June 19, 2019

Auntie Na’s Village nets second $150,000 grant from Kresge Foundation

Photography by Lana Antwan

A Detroit community organization that inspired Wayne State University School of Medicine students to rehabilitate a vacant home in the Nardin Park/Russell Woods neighborhood into a free student-run medical clinic for surrounding residents has won a second grant from The Kresge Foundation.

Sonia
Sonia Brown of Auntie Na's Village speakers with U.S. Rep. Rashida Tlaib at an afternoon ceremony to award a $150,000 Kresge Foundation grant to the nonprofit organization on Detroit's west side, part of Tlaib's district.

Auntie Na’s House received the 2019 Kresge Innovative Projects: Detroit grant of $150,000 during an afternoon ceremony June 15 at 12041 Yellowstone St. The event was attended by U.S. Rep. Rashida Tlaib (D-MI). Her district includes Yellowstone Street, at Elmhurst Avenue on Detroit’s west side, the site of Auntie Na’s House, a nonprofit 501(c)3 organization. The organization will use the funds to renovate the “Nutrition House” next to the “Medical House,” and will include a commercial kitchen for cooperatives, a free food bank, and space for nutrition education and counseling.

The Nutrition House will be part of “Auntie Na’s Village” -- houses being remodeled or rebuilt this year on the same street as Auntie Na’s, a colorful two-story home owned by Sonia Brown that has been in one family for six generations. A Kresge Foundation grant supported the Medical House renovation a year ago.

“Auntie Na’s Village is a great example, in my mind, of a community development organization that provides a unique opportunity for Wayne State students to engage with Detroit residents where they live,” said Lakshman Mulpuri, vice president of the Auntie Na’s Student Organization founded in 2017.

Brown told The Detroit News that she attributes the growth to the students at WSU who applied at the last minute for the grant and thought it was best to "provide a complete circle of food."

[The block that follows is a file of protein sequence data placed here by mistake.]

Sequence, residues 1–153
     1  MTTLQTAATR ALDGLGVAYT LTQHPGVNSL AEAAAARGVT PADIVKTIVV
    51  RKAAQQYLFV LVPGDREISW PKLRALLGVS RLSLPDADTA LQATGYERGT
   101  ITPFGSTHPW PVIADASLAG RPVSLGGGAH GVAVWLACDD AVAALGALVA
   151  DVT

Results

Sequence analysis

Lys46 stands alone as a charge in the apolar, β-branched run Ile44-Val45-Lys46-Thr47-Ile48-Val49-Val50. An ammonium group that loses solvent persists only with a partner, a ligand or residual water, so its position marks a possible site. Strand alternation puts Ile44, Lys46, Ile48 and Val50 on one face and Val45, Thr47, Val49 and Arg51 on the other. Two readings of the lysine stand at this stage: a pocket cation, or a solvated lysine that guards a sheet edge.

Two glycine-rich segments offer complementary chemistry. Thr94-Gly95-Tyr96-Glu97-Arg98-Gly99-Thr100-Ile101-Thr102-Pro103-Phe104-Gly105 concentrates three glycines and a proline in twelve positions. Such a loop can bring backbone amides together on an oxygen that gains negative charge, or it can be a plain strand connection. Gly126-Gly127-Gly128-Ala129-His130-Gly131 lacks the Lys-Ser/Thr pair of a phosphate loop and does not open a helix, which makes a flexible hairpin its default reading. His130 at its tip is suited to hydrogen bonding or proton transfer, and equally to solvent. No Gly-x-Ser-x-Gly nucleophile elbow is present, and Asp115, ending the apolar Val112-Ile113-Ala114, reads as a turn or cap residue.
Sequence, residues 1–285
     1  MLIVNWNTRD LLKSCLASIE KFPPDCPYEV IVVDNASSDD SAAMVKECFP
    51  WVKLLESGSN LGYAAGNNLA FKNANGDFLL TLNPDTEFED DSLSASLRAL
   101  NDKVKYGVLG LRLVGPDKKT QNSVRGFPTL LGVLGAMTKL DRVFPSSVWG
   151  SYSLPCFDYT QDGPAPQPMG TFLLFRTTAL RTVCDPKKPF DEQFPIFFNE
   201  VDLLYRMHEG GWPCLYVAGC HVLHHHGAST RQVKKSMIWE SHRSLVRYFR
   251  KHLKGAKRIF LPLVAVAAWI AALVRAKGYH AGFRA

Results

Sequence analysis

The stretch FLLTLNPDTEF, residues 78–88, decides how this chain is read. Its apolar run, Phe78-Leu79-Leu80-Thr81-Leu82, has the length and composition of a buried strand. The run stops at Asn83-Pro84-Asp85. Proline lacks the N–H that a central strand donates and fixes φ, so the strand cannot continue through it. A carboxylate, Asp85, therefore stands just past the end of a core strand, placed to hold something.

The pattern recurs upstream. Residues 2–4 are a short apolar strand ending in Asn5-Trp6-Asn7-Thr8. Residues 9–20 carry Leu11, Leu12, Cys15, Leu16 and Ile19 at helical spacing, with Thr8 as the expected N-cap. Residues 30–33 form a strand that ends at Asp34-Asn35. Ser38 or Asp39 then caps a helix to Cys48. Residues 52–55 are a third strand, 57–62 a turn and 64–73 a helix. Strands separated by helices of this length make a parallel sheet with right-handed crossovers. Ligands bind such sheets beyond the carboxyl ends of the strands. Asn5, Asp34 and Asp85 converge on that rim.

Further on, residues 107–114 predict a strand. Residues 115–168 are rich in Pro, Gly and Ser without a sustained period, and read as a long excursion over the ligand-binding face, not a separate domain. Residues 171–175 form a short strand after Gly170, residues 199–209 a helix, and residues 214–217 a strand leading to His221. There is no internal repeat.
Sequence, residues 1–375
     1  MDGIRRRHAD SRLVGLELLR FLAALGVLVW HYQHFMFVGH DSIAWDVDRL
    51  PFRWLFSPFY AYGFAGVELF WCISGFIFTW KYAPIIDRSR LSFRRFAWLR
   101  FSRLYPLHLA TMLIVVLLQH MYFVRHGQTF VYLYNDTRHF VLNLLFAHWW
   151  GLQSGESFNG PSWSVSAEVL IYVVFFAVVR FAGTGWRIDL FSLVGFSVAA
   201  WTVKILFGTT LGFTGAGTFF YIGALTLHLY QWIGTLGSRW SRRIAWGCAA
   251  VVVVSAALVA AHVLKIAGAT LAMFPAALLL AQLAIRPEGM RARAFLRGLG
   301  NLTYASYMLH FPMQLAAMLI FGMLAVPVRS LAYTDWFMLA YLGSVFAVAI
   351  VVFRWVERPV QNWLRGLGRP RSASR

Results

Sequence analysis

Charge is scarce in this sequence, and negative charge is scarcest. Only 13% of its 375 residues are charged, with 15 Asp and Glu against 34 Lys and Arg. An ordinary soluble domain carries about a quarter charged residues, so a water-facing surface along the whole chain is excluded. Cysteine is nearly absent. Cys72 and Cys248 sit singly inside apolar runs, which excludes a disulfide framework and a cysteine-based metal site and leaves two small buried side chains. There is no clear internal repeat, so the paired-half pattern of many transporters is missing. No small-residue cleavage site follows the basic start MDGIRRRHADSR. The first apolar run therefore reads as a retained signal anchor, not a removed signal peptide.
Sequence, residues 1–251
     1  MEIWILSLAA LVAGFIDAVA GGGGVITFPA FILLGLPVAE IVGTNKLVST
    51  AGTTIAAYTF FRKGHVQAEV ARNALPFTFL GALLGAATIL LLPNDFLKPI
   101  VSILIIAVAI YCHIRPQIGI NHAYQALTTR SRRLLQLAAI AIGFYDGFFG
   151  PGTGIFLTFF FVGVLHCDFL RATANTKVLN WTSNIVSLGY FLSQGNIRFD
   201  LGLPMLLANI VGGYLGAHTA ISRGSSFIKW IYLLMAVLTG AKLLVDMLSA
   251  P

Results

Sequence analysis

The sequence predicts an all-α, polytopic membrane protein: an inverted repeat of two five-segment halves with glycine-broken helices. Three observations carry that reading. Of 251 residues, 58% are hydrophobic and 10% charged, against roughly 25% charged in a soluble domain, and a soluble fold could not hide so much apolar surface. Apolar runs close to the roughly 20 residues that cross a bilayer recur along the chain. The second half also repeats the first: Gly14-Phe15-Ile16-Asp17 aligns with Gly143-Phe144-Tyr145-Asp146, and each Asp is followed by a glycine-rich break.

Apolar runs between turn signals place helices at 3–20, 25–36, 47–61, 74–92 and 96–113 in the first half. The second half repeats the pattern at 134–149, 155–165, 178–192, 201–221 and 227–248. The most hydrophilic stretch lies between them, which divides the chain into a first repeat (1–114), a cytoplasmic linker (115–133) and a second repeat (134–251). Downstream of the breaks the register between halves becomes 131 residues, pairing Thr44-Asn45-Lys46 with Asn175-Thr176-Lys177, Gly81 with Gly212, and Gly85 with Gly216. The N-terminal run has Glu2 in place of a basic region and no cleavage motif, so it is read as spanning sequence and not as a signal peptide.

“We'll be using the garden to teach our children and community residents how to utilize fresh food from the garden, take it into the kitchen, teach them to can, preserve and prepare meals,” she said. “The community themselves will have access to these as well by taking cooking classes, and we’ll utilize the space for events and shared kitchen space for entrepreneurs. We want to show that healthy food is accessible.”

Mulpuri co-wrote the Kresge grant application with the help of medical student Zaid Mohsen and others on the team.

Zaid
Wayne State University School of Medicine medical students Zaid Mohsen and Lakshman Mulpuri speak with U.S. Rep. Rashida Tlaib about their vision for the Auntie Na's Nutrition House.

“Although Zaid and I represent ANSO, we also are deeply involved with the facilitation of projects at Auntie Na’s currently,” he said.

“Too often resources for Detroiters are confined to the boundaries of midtown and downtown for a variety of reasons. However, without a proper public transportation system or close locations, residents are unable to take advantage of all that the city of Detroit and Wayne State has to offer the city. By serving as an extension of the work Auntie Na – Sonia Brown – and her family has been providing for her neighborhood for decades, we have earned the trust of the community. Without her blessing, however, it would be difficult for us to facilitate these services, a problem frequently encountered by the city and other nonprofit organizations,” Mulpuri said.

Auntie Na has been a guiding light for those in need, especially those in crisis, by providing food, clothing and shelter, he said. They hope to develop services that help those who are most underserved, and also empower residents of Nardin Park/Russell Woods to better their health and their communities.

“This is why the nutrition house is such a powerful idea that I'm proud to say we can now implement. By working closely with residents and community members around Detroit, we can provide a sustainable means of improving our community members’ health with cheap, quick, accessible and healthy meals. This is further augmented by our urban farm and robust corner store program that we are proud to have developed,” Mulpuri added.

The student organization includes students from across the WSU campus, such as public health students, medical students, urban planning students and undergraduates.